9. Betsey Stevenson & Justin Wolfers, 2008. "Economic Growth and Subjective Well-Being: Reassessing the Easterlin Paradox," Brookings Papers on Economic Activity, Economic Studies Program, The Brookings Institution, vol. 39(1 (Spring), pages 1-102.
    10. Clark, Andrew E & Oswald, Andrew J, 1994. "Unhappiness and Unemployment," Economic Journal, Royal Economic Society, vol. 104(424), pages 648-659, May.
    11. Andrew E. Clark & Ed Diener & Yannis Georgellis & Richard E. Lucas, 2008. "Lags And Leads in Life Satisfaction: a Test of the Baseline Hypothesis," Economic Journal, Royal Economic Society, vol. 118(529), pages 222-243, June.
    12. Mihaly Csikszentmihalyi & Jeremy Hunter, 2003. "Happiness in Everyday Life: The Uses of Experience Sampling," Journal of Happiness Studies, Springer, vol. 4(2), pages 185-199, June.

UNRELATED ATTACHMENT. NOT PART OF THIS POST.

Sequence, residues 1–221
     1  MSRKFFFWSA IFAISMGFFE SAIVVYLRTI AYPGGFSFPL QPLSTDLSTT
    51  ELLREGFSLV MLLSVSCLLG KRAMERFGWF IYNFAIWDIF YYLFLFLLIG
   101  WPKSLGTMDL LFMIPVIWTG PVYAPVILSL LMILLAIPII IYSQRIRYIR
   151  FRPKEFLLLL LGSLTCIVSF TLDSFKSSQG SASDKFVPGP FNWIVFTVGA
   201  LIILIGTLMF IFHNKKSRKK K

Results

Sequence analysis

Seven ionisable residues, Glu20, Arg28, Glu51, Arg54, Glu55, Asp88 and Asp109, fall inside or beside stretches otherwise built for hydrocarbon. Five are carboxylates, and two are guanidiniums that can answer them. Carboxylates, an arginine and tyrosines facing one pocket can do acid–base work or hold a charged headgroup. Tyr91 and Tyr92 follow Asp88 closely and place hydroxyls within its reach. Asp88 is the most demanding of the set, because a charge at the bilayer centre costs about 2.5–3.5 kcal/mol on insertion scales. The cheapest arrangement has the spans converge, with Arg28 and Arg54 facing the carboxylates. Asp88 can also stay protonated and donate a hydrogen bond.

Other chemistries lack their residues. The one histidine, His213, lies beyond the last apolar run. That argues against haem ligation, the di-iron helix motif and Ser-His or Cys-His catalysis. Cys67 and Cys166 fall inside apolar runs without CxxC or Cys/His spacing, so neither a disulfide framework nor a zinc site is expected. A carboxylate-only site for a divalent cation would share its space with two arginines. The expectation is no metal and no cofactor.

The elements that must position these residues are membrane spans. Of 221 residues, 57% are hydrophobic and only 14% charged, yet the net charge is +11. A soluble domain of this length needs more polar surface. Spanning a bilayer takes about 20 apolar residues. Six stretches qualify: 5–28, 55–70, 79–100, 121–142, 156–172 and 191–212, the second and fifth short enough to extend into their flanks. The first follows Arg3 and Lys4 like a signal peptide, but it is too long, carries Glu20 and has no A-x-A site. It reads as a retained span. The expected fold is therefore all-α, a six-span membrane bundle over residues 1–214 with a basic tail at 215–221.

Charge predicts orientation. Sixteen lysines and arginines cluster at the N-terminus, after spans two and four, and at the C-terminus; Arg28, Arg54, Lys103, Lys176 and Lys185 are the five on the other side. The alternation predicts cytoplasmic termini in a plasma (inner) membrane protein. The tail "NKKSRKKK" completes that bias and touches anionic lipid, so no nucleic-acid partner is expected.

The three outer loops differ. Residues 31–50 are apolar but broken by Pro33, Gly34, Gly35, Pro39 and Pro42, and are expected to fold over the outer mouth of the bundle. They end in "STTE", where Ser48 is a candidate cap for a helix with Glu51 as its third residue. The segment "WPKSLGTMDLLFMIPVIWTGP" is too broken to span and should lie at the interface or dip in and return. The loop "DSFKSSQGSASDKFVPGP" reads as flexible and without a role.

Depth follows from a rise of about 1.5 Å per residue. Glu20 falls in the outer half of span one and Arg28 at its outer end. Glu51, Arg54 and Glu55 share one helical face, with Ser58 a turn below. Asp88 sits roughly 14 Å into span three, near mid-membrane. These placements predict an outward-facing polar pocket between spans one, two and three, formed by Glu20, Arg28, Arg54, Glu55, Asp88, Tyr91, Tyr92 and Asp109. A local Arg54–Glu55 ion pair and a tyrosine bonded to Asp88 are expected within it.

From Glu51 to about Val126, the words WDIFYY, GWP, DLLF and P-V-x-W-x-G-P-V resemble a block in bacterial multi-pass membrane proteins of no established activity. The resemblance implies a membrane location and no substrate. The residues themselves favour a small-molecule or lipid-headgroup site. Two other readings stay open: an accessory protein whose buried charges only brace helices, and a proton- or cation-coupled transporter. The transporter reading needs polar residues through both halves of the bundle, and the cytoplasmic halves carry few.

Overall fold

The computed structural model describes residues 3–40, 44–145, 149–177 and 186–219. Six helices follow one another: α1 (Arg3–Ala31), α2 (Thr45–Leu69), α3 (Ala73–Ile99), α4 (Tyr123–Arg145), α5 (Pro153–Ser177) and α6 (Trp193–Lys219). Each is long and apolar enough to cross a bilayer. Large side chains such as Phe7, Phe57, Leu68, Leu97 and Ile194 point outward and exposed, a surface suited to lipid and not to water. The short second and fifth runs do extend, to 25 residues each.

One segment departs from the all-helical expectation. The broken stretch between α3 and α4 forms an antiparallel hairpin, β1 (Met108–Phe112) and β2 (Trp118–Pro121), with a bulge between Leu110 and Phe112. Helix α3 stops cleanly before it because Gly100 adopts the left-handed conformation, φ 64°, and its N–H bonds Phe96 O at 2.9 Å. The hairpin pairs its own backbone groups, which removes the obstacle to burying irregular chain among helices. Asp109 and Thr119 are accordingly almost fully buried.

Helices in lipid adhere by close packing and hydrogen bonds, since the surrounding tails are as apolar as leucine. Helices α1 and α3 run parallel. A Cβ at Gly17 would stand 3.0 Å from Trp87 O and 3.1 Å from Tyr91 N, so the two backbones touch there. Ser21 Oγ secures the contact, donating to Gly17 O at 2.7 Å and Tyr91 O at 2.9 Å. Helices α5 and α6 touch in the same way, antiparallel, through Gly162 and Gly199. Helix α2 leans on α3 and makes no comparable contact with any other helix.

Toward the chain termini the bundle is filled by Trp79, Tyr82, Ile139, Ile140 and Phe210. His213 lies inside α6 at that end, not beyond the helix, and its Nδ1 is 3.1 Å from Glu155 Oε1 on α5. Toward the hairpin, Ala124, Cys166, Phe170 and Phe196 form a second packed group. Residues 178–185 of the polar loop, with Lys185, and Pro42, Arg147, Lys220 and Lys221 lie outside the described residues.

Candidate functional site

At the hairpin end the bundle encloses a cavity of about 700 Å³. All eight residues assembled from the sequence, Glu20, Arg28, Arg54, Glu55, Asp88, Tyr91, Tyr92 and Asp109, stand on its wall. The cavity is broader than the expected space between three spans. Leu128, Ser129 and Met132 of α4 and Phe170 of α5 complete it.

13. Angela Luci-Greulich & Olivier Thévenon, 2014. "Does Economic Advancement ‘Cause’ a Re-increase in Fertility? An Empirical Analysis for OECD Countries (1960–2007)," European Journal of Population, Springer;European Association for Population Studies, vol. 30(2), pages 187-221, May.
    14. Henriette Engelhardt & Alexia Prskawetz, 2004. "On the Changing Correlation Between Fertility and Female Employment over Space and Time," European Journal of Population, Springer;European Association for Population Studies, vol. 20(1), pages 35-62, March.
    15. Franco Modigliani, 1949. "Fluctuations in the Saving-Income Ratio: A Problem in Economic Forecasting," NBER Chapters, in: Studies in Income and Wealth, Volume 11, pages 369-444, National Bureau of Economic Research, Inc.